How to tape a cut extensor tendon

Why shop at THYSOL:
Fast Medically Trained Support
Australian Owned and Operated
$12.95 shipping - FREE on orders over $175+

Katrien Nackaerts presented us with a practical case involving a client who experienced a workplace injury resulting in the severing of the extensor tendon and nerve in their index finger down to the bone. Following hospital treatment, which included stitching the finger and tendon, the client wore a plaster cast for two weeks and then underwent four weeks of immobilisation.

Initial Challenges in Therapy
Upon commencing physiotherapy with Katrien, the client faced difficulties. They were unable to move their index finger, and scarring prevented active flexion and extension in the fingertip area. Touching or bending the finger caused significant pain, with a pain score of 9 out of 10.

Description of applied therapy and the Kinesiology Taping application

During the treatment Katrien mainly mobilises the distal joint (the joint closest to the fingertip). She also applies fascia therapy with the FASCIQ® IASTM Tool ‘Mustache‘ in combination with FASCIQ® Fascia Cream. Additional exercise therapy with hand clay and a flex web. The scar is cleaned and treated with pure NAQI Scar Oil.

How to tape cut extensor tendon:

Professional instructions

  1. Cut two narrow strips of tape approx. 1 cm wide x 4 cm long from the length of a roll of CureTape®.
  2. Apply the small tapes to the sides of the finger using a ligament technique.
  3. Cut a longer strip of approx. 1 cm x 10 cm and apply it circularly (not in a continuous line!) from the fingertip towards the hand.
  4. This tape provides support and particularly supports the last phalange during the flexion movement.
  5. Then measure the tape from the fingertip to the attachment of the extensor digitorum in the elbow.
  6. Cut the tape narrowly (approx. 1.5 cm) along the length of the fingertip to the hand.
  7. From the center of the tape to the remaining part, the tape remains 5 cm wide.
  8. Apply this relaxing tape (detonating) without stretching.
  9. Start from the fingertip and let the tape run over the muscle belly of the extensor digitorum over a bent wrist up to the attachment.

Instructions for self taping (non-professionals)

  1. Cut two narrow strips of tape, about 1 cm wide and 4 cm long, from the CureTape® roll.
  2. Stick these small tapes on the sides of your finger.
  3. Now, cut a longer strip, about 1 cm wide and 10 cm long, and wrap it around your finger from the tip to the base, but not in a straight line.
  4. This tape gives extra support, especially when you bend your finger.
  5. Measure the tape from your fingertip to where your elbow muscle connects.
  6. Cut the tape lengthwise from your fingertip to your hand, leaving it wider in the middle.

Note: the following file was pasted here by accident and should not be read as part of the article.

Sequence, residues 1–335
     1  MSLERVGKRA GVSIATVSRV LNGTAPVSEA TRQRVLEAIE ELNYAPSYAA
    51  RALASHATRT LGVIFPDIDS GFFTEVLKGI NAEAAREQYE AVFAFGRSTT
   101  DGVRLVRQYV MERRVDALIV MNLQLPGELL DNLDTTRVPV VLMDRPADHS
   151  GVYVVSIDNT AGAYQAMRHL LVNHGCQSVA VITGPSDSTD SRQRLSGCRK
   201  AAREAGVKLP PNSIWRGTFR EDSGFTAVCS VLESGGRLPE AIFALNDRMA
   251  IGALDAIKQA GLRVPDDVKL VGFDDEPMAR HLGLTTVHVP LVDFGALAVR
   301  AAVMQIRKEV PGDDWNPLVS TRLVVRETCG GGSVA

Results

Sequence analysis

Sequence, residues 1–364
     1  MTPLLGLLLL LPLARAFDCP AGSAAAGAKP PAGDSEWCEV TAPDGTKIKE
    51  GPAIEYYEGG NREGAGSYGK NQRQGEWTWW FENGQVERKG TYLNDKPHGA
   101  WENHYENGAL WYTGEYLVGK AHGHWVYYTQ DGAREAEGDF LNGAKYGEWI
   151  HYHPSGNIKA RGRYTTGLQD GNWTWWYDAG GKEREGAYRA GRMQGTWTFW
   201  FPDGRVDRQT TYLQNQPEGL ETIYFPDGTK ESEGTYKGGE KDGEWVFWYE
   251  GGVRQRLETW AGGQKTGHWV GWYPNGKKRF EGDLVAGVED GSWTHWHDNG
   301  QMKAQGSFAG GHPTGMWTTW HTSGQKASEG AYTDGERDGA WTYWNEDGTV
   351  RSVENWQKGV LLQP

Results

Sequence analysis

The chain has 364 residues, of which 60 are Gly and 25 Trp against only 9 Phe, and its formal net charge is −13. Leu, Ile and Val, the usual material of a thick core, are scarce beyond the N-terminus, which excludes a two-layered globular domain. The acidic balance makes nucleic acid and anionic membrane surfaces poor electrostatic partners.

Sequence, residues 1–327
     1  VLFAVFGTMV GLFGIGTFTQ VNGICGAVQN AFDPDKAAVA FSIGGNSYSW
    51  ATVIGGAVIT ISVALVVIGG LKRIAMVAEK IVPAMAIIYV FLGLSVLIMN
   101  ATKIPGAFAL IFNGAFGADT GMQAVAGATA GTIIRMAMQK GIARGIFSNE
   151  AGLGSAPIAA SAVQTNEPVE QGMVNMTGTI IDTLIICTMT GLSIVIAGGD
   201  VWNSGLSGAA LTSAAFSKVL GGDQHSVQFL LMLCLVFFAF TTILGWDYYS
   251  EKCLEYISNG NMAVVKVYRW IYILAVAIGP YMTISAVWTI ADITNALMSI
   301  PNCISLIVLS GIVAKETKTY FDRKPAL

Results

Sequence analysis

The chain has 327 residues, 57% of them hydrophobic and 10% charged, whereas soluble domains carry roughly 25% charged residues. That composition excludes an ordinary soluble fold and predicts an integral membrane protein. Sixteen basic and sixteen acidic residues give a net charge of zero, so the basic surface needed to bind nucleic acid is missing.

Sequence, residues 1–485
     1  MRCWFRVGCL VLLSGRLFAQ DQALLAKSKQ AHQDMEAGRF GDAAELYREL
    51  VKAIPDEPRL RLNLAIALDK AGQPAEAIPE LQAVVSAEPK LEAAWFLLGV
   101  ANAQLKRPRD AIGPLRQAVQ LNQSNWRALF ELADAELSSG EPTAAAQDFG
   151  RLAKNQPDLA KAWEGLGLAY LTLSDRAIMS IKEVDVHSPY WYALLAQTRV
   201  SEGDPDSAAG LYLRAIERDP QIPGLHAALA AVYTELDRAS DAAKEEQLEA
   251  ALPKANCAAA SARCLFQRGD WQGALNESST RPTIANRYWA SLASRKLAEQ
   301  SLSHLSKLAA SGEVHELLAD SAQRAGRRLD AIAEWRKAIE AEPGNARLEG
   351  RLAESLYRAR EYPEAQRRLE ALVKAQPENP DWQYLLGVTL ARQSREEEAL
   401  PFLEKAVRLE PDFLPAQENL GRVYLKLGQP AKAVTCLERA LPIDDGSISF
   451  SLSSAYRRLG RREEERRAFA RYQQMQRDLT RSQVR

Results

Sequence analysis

7. Stick this tape gently, without pulling, starting from your fingertip and going up to your elbow muscle.
  8. Make sure the tape goes over the middle of the muscles in your wrist and finger.
cut extensor tendon tape application with curetape art tattoo(Katrien has also tried to apply this tape as an activating tape (elbow to fingertip), but this had less effect than the relaxing tape). The tape provides less tension on the scar and pain relief, which improves the flexion movement considerably (as can be seen in the video).

Effect of taping on a cut extensor tendon

Result after two weeks of therapy:

Pain score when touching index finger during therapy: 5/10
Flexion gain of at least 10 degrees without tape. The client can actively use the taped finger at work. Without the tape application this is not possible at all. Katrien continues to treat her weekly in her clinic.

Christina peter

Christina’s advice when taping your hand

When taping your hands, it’s crucial to choose a tape that provides strong adhesion and support. That’s why I recommend CureTape kinesiology tape. Because tape is applied on the hand, it may come off sooner due to sweat or friction. Therefore, opt for our extra sticky CureTape Sports tape variant!

Christina Peter, Sports Physiotherapist and Tape Instructor for CureTape since 2003

Learn how to tape

Want to learn how to apply tape yourself*? Check out our manuals on taping:

  • The Ultimate Taping Guide: Focuses on self-taping for the 30 most common injuries where taping provides support.
  • Kinesiology Taping Method Manual: Designed for (para medical) professionals, covering basic taping techniques and various pathologies.
  • Decompressive Taping Techniques Manual: Specifically focuses on lymphatic taping methods for decompression.

What are you waiting for? Order a copy today!

Who are we?
THYSOL is the manufacturer of the kinesiology tape brand CureTape. As CureTape, we have been training and supplying professionals for 25 years. And consumers now know how to find us too! By manufacturing all our tapes in our own factory, we can guarantee the best quality!


Please note that the indicated tape applications and information on our website about the possibilities with kinesiology tape have not yet been scientifically proven. The statements and examples mentioned are based on long-term experiences of patients and trained therapists.Contraindications not to tape: pregnancy, open wounds, broken bones, unexplained complaints, allergies and skin diseases, use of medication such as blood thinners, thrombosis and fever. Always apply tape in consultation with a specialist.

More information: